As one of the noughties biggest selling artists, you could forgive Moby for taking the easy option and drifting off quietly into comfortable middle age retirement with his place in the annals of pop history secured. His career defining dance crossover album Play sold over 10 million copies worldwide following its release in 1999 and even though subsequent releases were never likely to match that record's success, it allowed Moby the freedom to dabble in a variety of different creative endeavours.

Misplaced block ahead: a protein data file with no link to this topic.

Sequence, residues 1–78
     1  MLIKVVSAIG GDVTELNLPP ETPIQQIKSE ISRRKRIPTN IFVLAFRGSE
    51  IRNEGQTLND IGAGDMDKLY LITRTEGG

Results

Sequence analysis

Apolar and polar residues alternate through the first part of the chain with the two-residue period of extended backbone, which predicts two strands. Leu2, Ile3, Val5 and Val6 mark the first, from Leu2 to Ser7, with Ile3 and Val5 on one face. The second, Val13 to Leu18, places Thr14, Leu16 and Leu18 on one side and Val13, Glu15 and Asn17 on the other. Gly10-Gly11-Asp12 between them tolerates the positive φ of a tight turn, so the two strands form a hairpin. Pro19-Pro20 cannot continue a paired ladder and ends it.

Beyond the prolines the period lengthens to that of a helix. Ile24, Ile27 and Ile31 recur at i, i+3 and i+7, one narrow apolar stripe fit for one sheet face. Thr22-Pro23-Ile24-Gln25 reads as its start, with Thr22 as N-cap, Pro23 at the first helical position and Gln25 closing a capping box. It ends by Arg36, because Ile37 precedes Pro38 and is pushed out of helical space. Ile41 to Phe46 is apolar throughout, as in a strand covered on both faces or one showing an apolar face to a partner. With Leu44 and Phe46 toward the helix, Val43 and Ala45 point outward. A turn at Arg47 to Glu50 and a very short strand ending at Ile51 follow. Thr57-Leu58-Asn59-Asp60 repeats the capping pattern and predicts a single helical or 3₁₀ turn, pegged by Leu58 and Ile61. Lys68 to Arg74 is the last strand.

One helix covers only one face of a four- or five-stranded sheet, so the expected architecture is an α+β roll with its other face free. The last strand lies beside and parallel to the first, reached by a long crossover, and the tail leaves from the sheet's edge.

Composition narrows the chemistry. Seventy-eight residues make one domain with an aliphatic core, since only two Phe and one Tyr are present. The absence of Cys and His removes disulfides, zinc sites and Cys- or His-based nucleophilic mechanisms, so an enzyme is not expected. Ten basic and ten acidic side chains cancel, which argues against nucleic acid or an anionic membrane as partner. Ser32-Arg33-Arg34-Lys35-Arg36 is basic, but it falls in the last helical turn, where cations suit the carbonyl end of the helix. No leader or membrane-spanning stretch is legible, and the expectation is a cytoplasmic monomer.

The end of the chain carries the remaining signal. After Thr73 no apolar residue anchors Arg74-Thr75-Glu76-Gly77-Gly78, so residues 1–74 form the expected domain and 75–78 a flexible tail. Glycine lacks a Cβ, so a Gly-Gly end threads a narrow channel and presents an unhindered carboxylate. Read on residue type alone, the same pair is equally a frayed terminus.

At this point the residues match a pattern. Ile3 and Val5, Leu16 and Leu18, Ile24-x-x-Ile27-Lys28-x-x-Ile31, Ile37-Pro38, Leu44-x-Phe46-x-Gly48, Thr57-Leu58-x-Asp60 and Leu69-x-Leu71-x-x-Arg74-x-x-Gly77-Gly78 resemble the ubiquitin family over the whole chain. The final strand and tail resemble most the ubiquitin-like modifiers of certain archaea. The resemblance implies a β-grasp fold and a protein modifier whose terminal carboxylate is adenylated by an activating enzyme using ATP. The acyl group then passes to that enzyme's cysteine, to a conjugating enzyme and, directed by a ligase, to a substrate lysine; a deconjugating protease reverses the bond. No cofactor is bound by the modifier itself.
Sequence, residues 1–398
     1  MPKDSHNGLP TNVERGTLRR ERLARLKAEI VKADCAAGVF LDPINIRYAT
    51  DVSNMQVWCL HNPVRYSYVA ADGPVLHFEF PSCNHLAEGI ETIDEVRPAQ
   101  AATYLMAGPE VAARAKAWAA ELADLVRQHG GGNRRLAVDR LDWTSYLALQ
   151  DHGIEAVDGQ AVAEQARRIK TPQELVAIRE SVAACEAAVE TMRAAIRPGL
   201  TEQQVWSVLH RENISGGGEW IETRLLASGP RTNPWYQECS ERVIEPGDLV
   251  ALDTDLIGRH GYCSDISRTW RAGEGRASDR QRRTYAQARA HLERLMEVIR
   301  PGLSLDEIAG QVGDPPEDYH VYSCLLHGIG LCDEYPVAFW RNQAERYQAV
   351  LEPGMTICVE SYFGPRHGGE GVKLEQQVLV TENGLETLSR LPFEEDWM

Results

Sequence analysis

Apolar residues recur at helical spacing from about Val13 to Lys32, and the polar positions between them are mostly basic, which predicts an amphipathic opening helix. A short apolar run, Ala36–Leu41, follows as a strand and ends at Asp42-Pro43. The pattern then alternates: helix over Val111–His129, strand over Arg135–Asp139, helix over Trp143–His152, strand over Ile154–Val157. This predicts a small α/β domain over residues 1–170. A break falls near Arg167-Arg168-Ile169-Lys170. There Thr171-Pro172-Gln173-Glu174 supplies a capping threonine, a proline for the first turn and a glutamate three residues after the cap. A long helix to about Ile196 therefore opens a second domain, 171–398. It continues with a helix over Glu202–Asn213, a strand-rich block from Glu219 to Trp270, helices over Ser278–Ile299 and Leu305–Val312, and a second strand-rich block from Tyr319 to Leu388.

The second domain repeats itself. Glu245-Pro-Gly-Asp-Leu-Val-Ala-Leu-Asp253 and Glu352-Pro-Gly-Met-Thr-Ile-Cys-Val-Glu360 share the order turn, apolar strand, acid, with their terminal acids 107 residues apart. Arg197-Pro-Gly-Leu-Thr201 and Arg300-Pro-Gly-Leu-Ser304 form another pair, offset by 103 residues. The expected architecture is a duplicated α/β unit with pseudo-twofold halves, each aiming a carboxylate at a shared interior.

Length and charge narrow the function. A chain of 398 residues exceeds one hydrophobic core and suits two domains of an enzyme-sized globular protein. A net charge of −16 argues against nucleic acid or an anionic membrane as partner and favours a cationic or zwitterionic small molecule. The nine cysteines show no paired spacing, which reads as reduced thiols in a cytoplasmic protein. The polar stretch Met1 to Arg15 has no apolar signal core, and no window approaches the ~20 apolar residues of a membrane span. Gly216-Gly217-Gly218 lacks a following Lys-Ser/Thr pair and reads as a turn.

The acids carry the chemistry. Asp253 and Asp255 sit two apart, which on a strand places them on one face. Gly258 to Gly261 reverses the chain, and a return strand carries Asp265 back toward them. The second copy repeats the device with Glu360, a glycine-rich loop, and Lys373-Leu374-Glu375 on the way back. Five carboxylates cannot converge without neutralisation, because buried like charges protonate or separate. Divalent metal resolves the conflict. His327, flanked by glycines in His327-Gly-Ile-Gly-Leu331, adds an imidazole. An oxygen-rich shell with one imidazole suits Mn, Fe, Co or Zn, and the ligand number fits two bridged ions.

Innocents is an album heavy on collaborations, and might just be his best record in quite some time - it is an incredibly cohesive work, despite the diverse mix of collaborators. From the beautiful space age blues of 'Almost Home' with Damien Jurado through to the celebratory 'The Perfect Life' with Wayne Coyne this is instantly recognisable as a Moby record, albeit one that seems to have a new found sense of purpose. 'The Last Day' with Skylar Grey is superb - the Moby blueprint sound, given a new lease of life by Grey's aching vocal melody. An album that will appeal to estranged fans and newcomers alike, Innocents is a surprising return to form for one of the great pioneering artists of the last twenty five years. A triumph.